Eugene Rabkin is the founder of He has contributed articles on fashion and culture to The Business of Fashion, Vogue Russia, Buro247, the Haaretz Daily Newspaper, and other publications. He has taught critical writing and fashion writing courses at Parsons the New School for Design.


Deborah Turbeville, In Memoriam

Dear readers,

We have never shared an article that appeared in our print edition, but today is a specially dark day. The photographer Deborah Turbeville has passed away after succumbing to lung cancer. I initially approached Turbeville for a profile for our second volume two years ago.  After, she became a dear friend. It is sad to see anyone go before their time, but especially her. Rest in peace, Deborah, wherever you may be.


The New Antwerp Shopping Guide

Last month I had the pleasure of visiting Antwerp, one of my favorite cities in Europe, for the N-th time. What keeps pulling me back, besides professional obligations, to this city that in Europe has an unjust reputation of a place that’s not worth visiting? Fashion, obviously, as well as a mix of medieval and…

Park Ave. Armory

Massive Attack V Adam Curtis

I’m at that age where concerts don’t impress me much, having seen everyone I have wanted to see a few times over. But when by chance I saw a Facebook post about Massive Attack, whom I have never seen play, I bought a ticket right away. I did not realize that it’s not a straightforward concert. What I witnessed was something infinitely better. Massive Attack has teamed up with the documentary filmmaker Adam Curtis to create a performance that will undoubtedly be etched in the minds of those who witnessed it for years to come. It was a combination of film and music, not exactly a documentary and not exactly a concert, but flawlessly executed fusion of image and sound.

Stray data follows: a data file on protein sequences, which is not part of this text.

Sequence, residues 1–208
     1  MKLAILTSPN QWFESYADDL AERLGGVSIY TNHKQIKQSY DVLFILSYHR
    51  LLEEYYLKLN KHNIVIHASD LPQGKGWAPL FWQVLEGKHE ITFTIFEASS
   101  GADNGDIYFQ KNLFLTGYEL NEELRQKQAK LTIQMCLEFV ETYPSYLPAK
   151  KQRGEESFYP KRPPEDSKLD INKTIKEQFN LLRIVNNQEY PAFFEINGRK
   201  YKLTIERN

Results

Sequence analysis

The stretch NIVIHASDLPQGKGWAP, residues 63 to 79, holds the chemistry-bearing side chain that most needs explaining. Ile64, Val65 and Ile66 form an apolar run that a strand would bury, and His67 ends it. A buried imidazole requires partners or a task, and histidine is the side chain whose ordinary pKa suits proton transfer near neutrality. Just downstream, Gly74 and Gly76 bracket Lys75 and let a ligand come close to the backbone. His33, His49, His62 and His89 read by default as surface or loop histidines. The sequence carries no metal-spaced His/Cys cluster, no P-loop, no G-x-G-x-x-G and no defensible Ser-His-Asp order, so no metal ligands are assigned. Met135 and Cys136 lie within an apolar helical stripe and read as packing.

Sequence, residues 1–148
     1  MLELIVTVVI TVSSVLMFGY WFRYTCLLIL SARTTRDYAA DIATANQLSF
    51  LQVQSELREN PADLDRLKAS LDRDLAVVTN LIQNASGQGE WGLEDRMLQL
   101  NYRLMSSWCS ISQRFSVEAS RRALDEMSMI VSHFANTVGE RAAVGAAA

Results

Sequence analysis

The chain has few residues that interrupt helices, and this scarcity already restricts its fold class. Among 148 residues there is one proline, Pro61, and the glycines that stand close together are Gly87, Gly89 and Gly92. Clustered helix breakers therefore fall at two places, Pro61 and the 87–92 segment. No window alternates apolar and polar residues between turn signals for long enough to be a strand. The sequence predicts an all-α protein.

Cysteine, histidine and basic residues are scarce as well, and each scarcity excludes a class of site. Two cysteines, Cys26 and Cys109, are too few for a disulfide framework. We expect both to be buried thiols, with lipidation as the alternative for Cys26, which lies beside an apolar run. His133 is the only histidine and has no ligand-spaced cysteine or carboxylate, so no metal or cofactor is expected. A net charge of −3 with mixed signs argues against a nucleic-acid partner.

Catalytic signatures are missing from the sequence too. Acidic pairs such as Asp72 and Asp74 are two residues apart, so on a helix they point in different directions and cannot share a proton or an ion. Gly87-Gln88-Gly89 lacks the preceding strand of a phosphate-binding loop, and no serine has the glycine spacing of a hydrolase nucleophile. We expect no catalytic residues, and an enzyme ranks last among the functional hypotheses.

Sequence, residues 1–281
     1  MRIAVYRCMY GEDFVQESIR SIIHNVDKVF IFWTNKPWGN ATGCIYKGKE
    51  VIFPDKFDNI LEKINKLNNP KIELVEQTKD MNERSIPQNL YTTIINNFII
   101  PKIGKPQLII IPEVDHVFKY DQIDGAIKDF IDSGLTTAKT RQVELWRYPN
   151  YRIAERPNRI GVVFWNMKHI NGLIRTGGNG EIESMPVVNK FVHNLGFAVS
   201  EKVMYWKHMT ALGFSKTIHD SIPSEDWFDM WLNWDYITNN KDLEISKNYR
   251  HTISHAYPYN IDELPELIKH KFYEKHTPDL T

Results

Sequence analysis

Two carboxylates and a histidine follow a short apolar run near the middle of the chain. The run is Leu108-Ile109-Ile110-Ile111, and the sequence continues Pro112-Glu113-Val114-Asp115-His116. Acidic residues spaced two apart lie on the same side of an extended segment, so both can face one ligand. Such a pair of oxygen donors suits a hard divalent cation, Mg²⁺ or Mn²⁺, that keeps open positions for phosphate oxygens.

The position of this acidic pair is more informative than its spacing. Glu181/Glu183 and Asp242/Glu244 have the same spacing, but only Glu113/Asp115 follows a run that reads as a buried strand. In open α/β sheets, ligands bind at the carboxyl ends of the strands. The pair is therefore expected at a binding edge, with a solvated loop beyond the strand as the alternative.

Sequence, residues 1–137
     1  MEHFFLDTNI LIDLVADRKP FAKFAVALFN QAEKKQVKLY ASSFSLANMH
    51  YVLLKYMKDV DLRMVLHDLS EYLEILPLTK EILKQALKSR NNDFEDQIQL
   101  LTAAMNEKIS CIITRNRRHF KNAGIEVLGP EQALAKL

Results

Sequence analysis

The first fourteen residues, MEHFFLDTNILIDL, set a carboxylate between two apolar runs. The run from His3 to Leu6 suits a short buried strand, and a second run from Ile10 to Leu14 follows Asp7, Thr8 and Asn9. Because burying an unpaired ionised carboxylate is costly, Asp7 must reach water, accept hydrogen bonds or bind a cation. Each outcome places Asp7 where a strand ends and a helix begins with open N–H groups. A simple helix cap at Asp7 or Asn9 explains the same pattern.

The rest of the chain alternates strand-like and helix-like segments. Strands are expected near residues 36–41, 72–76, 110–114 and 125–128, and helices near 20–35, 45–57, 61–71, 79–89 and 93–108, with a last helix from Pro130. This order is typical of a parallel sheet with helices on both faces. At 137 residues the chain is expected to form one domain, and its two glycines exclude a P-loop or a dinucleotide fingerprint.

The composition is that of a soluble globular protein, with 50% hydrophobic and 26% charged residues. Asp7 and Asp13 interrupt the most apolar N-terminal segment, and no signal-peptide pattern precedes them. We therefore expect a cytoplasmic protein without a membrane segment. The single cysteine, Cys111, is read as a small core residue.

Holy Bible

“…and every living substance that I have made will I destroy from off the face of the earth.” Genesis {7:4}

History of human conflict is a history of religious conflict. Pick up any history textbook and you will be benumbed by death and atrocities that humans have inflicted (and continue to inflict) on each other in the name of religion.

Holy Bible, by Adam Broomberg and Oliver Chanarin (MACK, $80) literally fuses the histories of violence and religion together. The tome itself is a direct copy of the King James bible. Its text, however, is carefully overlayed with images from The Archive of Modern Conflict, an entity that collects photos whose subject is self-explanatory and that purposefully shrouds itself in mystery.


Mario Sorrenti: Draw Blood For Proof

The minutia of life can be a waste of time or the most fascinating thing about it. The writer Saul Bellow once said that he finds a good footnote more interesting than the text itself. And if you know whom to follow on Instagram you can spare yourself from selfies and food pictures and behold some captivating ephemera instead. One cannot always be grandiose – it’s tiring.

The new Steidldangin book on the photographer Mario Sorrenti is just the kind of thing if you are in the minutia camp. He’s done enough grandiosity – Calvin Klein campaigns, photos in every imaginable fashion magazine, and so on. But this volume is dedicated to something entirely different – a series of scraps of Sorrenti’s life rendered in visual form.


Outtakes: The Zone, StyleZeitgeist Volume 4

I wanted to share some photos from the editorial titled the Zone that we shot for Volume 4 of the print magazine, out now. I had the idea of doing something on Tarkovsky’s iconic 1979 film Stalker for quite a while. The problem was finding a location that would  even remotely resemble anything like the phantasmagoria of the abandoned hydro power plant that Tarkovsky used for the film’s setting. Ironically, it took a natural disaster that has shaken up New York to provide one. A few days after Hurricane Sandy we were at Breezy Point, the Queens neighborhood that was destroyed by fire.


A Few Words With: Gerhard Steidl

One quiet morning in New York I met with the legendary German publisher Gerhard Steidl in the lobby of the Mercer Hotel in SoHo. Steidl is the last of the Mohicans in the world of print – a fiercely independent publisher who has maintained complete control and ownership of his house for over forty years. His art and photo books with the likes of Robert Frank and Bruce Davidson are revered as the best in the business. He also publishes literature in German, including books by the Nobel prize winners Günter Grass and Halldór Laxness.